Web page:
Archive for pyglet

Using ARRAY_BUFFER’s in PyOpenGL

Posted in How To, Programming, PyGLy with tags , , , , on 2013/02/16 by Adam Griffiths

I’m in the process of converting my code from Pyglet GL to PyOpenGL.
In doing so, my VBO objects stopped rendering.

It turns out the problem is glVertexAttribPointer.
The Pyglet GL version takes the last parameter (offset) as a number. I set this to 0 for arrays with no offset.

glVertexAttribPointer( in_position, 3, GL_FLOAT, GL_FALSE, 0, 0)

It seems that PyOpenGL expects the pointer value by absolute instead of relative.
The solution is to pass None instead of 0.

glVertexAttribPointer( in_position, 3, GL_FLOAT, GL_FALSE, 0, None)

If you have an actual offset to pass, you need to convert to a ctypes c_void_p (void*).
http://stackoverflow.com/questions/11132716/how-to-specify-buffer-offset-with-pyopengl

glVertexAttribPointer( in_position, 3, GL_FLOAT, GL_FALSE, 0, ctypes.c_void_p(offset))

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PyGLy steps into the future

Posted in Development, PyGLy, Twisted Pair with tags , , , , , on 2012/09/21 by Adam Griffiths

I’ve been working quite heavily on PyGLy for the last few weeks and I’m incredibly pleased to announce that PyGLy is now OpenGL 3 clean!

It took more work than I hoped. Not because of PyGLy (it was already pretty good), but Pyglet’s OpenGL Core (3+) support on OS-X, is well… broken.
I had to integrate a patch written by someone else and patch out 2 of the window event handlers.
The main reason for this is that OpenGL Core on OS-X is limited to 3.2, and is Core only (no legacy compatibility).
These changes can be found in my Github repository.

Pyglet isn’t without it’s problems. It is quite heavy weight in places. There is no support for float or 1D textures.
Other problems are it’s usage of legacy calls. These are scattered throughout the code base and prevent me from using even the Label or VertexList classes.
I would LOVE to help with the development of Pyglet… but I find the code… very confusing.
It’s got a fair amount of abstraction. Tracing even a vertex buffer blows my mind.

Regardless, I hope these issues will be fixed soon.

OpenGL and GLSL support in OS-X

Posted in Twisted Pair with tags , , , , on 2012/08/13 by Adam Griffiths

I had difficulty finding the supported OpenGL and GLSL versions in OS-X.
Using Pyglet, I get errors trying to use versions GLSL 1.30 and above. Printing out the version returns 1.20.

from ctypes import *
from pyglet.gl import *

print "OpenGL version", gl_info.get_version()

plain = string_at(glGetString(GL_SHADING_LANGUAGE_VERSION)).split(' ')[0]
major, minor = map(int, plain.split('.'))
version = major*100 + minor
print "GLSL Version",version

Looking around I found this information.
Mac OS-X OpenGL Support

Legacy would infer the “Fixed Function Pipeline” and Core would be modern OpenGL.
So it seems that legacy OpenGL (normal Pyglet) is stuck with GLSL 1.20 and Core has 1.50.

This code can be found on the Pyglet source repository that enables OpenGL 3 (Core).
Enable OpenGL 3 in Pyglet

But the ouput I get is not correct.

OpenGL version 2.1 ATI-1.0.25
GLSL Version 120

According to this conversation, it appears that Pyglet ignores the OpenGL version on OS-X currently.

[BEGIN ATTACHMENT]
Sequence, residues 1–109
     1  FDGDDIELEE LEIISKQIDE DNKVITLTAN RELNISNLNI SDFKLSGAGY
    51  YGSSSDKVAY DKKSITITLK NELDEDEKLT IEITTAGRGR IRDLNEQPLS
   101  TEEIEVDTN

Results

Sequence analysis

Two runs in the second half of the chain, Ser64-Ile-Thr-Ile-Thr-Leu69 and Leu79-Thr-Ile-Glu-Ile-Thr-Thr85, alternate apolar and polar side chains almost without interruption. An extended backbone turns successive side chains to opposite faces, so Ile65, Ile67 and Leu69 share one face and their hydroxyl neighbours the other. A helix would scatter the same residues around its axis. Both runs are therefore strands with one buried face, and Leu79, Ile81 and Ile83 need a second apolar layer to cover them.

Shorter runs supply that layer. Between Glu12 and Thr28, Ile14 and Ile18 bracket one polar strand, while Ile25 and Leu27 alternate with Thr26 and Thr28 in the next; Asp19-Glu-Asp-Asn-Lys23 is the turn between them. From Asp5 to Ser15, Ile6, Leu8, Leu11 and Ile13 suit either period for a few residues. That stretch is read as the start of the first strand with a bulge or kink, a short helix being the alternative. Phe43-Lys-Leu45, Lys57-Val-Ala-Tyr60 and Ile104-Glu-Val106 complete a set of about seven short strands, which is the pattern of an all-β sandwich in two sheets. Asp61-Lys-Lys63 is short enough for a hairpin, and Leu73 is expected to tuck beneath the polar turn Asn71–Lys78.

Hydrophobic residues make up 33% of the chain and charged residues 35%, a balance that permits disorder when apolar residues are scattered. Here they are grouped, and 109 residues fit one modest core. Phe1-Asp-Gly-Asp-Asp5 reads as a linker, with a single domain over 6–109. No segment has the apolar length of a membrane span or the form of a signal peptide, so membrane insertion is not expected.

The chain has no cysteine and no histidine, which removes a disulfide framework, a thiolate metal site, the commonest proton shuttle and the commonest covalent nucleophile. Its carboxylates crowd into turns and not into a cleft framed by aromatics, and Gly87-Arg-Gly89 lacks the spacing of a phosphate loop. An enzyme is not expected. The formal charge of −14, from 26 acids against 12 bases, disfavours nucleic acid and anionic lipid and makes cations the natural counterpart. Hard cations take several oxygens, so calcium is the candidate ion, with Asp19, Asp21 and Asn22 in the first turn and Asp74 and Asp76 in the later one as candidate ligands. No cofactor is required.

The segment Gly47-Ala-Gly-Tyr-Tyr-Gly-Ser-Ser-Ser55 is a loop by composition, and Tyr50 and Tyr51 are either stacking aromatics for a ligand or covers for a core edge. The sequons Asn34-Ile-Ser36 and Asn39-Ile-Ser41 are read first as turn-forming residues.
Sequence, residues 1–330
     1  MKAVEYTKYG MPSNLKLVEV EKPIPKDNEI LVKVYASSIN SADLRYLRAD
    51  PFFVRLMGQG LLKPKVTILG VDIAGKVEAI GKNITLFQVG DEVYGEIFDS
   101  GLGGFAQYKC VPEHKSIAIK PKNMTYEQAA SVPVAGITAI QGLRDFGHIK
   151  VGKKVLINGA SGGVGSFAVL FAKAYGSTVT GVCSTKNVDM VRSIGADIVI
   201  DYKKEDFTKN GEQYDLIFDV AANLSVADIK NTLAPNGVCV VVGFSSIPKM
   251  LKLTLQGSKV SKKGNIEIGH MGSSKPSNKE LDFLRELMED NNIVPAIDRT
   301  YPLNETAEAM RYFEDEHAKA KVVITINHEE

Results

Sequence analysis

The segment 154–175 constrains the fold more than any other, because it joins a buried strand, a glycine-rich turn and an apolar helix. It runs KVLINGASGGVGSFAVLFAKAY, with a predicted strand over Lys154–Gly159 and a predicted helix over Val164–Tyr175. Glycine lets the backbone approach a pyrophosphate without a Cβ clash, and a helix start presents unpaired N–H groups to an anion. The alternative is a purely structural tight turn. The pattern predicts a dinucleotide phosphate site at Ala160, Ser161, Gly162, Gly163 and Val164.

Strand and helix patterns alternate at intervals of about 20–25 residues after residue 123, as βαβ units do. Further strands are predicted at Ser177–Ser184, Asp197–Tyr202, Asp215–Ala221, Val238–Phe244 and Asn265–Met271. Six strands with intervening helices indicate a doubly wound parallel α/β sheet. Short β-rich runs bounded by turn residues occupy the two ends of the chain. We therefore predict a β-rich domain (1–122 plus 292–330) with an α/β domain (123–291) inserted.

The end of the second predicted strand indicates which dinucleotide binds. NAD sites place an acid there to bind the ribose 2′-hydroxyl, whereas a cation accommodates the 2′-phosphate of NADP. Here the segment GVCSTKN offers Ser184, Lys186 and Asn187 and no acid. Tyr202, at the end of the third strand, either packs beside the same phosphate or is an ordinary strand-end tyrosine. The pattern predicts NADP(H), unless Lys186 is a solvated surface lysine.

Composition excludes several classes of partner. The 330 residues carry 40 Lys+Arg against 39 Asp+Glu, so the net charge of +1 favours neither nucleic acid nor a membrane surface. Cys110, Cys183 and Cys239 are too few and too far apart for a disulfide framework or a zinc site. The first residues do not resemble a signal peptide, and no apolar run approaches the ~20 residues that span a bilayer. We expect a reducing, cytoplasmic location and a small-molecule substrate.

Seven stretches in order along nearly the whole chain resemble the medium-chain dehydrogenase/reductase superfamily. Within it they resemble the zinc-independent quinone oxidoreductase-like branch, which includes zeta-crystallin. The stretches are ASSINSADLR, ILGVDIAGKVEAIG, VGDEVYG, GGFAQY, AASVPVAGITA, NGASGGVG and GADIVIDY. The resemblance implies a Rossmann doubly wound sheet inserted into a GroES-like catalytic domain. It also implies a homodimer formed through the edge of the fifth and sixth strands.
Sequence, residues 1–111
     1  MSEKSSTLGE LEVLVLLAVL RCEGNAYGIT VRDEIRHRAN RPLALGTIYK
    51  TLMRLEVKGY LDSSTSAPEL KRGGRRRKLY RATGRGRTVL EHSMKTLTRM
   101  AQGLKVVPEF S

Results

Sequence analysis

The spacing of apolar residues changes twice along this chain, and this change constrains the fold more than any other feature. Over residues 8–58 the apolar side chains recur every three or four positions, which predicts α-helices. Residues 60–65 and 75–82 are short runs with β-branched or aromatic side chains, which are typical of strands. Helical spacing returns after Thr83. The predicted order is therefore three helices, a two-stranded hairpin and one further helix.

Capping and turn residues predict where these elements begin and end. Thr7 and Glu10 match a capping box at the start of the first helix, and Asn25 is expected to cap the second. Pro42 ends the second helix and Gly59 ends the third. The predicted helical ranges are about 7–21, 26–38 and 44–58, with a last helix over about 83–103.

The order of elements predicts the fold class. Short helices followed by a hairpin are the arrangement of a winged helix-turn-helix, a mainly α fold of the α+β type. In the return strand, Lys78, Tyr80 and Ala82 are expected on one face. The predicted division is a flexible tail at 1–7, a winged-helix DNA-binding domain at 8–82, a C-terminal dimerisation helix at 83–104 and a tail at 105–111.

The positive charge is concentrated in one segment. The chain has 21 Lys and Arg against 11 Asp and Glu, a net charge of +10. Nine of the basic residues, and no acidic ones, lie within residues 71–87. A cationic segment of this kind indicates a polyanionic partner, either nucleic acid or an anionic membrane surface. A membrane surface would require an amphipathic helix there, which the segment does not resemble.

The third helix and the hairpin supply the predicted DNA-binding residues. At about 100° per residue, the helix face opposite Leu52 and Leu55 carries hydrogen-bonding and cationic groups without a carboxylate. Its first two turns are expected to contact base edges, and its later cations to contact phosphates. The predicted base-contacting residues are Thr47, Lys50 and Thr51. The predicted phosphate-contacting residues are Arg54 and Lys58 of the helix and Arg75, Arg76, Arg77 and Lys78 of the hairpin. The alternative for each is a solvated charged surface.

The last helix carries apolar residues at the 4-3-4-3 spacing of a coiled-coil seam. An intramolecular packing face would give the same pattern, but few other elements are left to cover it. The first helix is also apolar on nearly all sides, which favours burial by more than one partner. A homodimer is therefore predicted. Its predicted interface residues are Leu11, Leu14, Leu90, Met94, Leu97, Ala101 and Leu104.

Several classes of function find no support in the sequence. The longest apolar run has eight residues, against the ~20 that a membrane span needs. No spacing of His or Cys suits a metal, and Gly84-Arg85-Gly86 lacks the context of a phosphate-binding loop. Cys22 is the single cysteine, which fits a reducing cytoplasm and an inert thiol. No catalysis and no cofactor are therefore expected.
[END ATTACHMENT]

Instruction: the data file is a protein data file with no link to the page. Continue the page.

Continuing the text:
Initial release of PyGLy

Posted in Development, Programming, Twisted Pair with tags , , , , on 2012/03/07 by Adam Griffiths

It’s a pretty big day for us, as I’m pushing my labor of love, PyGLy, to GitHub.

PyGLy is a 3D framework developed in pure python.

I’ve been dismayed at the state of game frameworks on Python.

There are a large number of quality 3D engines and frameworks out there. However, there are serious problems with the ‘engines’ out there that have Python bindings.

  • Not truly cross-platform (this is Python FFS!).
  • Not free.
  • Not maintained.
  • No documentation (the worst culprit).
  • Bindings are 2nd class citizens and you still need to code C/C++/Whatever.
  • Don’t work with latest versions of code.

Most engines have bindings created by the community. The problem is these are quickly dumped when the person moves on.

Python only 3D engines seem… well… stagnant.

  • PySoya and PySoy seem to be seething at each other but not really producing much.
  • PyGame is just SDL in disguise.
  • The rest… well they all 404 now.

For the most part, 3D game development on Python is dead.

So, behind the scenes, I’ve been writing my own 3D framework for Python, PyGLy.

“Framework” is an important word there. PyGLy does not force any one methodology on you. PyGLy simply provides functionality to wrap common functionality. Windows, Viewports, Scene Graph Nodes, Cameras. It’s up to you to put them together how you want.

Obviously some things are going to be coupled together. But for the most part, PyGLy just gets out of the way.

At the moment PyGLy is quite small, but it is in active development and already has features that may interest some.

I think the best case for it at the moment is for people wanting to rapidly prototype in 3D but not be abstracted from the rendering process. PyGLy lets you forget about the scene graph and just concentrate on rendering your objects. Rendering is performed via callbacks. You can make any OpenGL call you want in these callbacks.

PyGLy is the foundation of our Python 3D work, so expect it to be actively developed going forward.

The following are some of the things that we’re wanting to add in the future:

  • Shadowing.